Wilder Side of Oakland County
“My early morning hike of solitude on a sultry summer day at Independence Oaks County Park – North was a magical experience. Wispy cirrus clouds added definition to the clear blue sky. Spider webs sparkled with diamonds of dew. Sandhill cranes trumpeted from a wet meadow. An American Goldfinch and an Eastern Kingbird perched in tree tops to bask in sunlight, as did a Red-tailed Hawk high up on a transmission line tower. The music of crickets, and the rustle of aspen leaves in the morning’s gentle breeze softened the rumble of traffic on nearby Sashabaw Road.” I wrote those words last August as an introduction to a “Wilder Side” blog about Independence Oaks County Park – North; a 188-acre addition to the main section of 1,285-acre Independence Oaks County Park, the largest of the 13 parks managed by Oakland County Parks. Independence Oaks – North is the only Southeast Michigan park with a catch and release special designation by the Michigan Department of Natural Resources. The park also includes natural features that helped the site be classified by the Michigan Natural Features Inventory as a Priority One Conservation Area.
After last year’s slow-paced, nature-embracing, blackberry-eating 90-minute meander at Independence Oaks – North which included a few exciting moments of watching an osprey fish at Upper Bushman Lake and apparently not practicing catch and release, I headed to the main section of Independence Oaks to spend a few hours of hilly hiking on its extensive trail system. But to reach the main section I had to drive one mile south along Sashabaw Road. All that has changed thanks to the combined efforts of the Independence Township Safety Path Committee and Oakland County Parks. A new safety path: a long-planned collaborative effort between Independence Township and Oakland County Parks, that parallels gently curving Sashabaw Road is now open and was officially dedicated two days ago. Traveling between the main park section and Independence Oaks – North is now much easier and safer for hikers, cyclists, and walkers and perhaps just as importantly, a lot of fun!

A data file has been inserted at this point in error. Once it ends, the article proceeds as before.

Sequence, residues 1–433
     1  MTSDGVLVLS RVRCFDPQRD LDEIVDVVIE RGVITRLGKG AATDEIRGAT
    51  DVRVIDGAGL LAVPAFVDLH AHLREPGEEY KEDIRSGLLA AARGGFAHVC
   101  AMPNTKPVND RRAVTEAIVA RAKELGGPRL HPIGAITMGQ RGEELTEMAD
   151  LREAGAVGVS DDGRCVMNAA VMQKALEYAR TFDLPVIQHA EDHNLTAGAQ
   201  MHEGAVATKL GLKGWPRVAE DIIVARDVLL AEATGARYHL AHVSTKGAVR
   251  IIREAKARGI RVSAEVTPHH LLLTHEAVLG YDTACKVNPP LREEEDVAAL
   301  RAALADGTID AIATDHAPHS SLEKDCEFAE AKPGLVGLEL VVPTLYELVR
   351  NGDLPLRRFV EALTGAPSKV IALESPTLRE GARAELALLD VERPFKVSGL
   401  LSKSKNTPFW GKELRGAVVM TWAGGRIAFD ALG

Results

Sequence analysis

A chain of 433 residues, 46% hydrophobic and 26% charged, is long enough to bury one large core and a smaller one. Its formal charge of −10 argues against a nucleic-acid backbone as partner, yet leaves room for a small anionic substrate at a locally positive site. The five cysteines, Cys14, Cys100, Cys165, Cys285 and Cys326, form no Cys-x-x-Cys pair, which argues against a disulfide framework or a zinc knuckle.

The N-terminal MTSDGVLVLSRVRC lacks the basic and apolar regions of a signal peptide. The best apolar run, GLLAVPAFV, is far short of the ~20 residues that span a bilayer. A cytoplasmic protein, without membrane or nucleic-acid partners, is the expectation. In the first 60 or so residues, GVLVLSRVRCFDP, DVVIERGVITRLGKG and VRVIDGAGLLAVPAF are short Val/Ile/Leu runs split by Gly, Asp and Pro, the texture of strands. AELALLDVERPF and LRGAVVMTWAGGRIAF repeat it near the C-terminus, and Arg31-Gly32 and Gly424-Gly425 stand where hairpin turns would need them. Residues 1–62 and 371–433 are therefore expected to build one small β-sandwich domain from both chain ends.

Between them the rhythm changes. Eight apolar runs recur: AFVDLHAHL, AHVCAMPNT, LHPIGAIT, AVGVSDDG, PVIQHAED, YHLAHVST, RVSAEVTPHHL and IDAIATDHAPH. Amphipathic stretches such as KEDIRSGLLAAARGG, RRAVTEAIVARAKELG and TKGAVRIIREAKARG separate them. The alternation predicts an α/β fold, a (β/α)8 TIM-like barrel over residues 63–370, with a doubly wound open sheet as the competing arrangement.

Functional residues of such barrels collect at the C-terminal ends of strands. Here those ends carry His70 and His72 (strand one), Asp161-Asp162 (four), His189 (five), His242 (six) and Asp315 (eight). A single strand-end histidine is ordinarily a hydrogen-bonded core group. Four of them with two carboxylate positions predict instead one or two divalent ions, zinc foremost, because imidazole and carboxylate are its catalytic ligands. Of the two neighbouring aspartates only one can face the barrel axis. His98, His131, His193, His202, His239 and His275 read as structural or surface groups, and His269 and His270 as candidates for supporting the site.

Although the sky was overcast for the August 1st dedication, a small crowd of outdoor enthusiasts and officials from Independence Township, Oakland County Parks, and other project partners were smiling with good reason. The safety path trail was finally a reality. According to Connect Our Future, trail connectivity encourages physical activity, brings people and communities together around shared interests and assets, increases property values of adjacent properties, and along with showcasing and thus protecting important natural resources creates new opportunities for wildlife viewing and passive trailside recreation.
Dedication literature described the project and boost for multiple communities this way,
“Oakland County Parks and Recreation collaborated with Independence Township to create a pedestrian safety path along Sashabaw Road, connecting Independence Oaks County Park with Independence Oaks County Park-North. Approximately 1.6 miles of asphalt path and boardwalks over wetlands were constructed. Oakland County Parks and Recreation contributed $740,000 of the $1.34 million project. Independence Township Safety Path funds contributed $600,000 to the project. Independence Township installed two resting stations at the north and south entrances of Independence Oaks County Park. The north entrance station features a bench, bike rack, bike fixing station and air pump. Independence Township is installing several more resting stations for its new “Park to Park” trail project that will connect Independence Oaks County Park to Clintonwood Park, Depot Park, Deer Lake Beach Park and Bay Court Park.”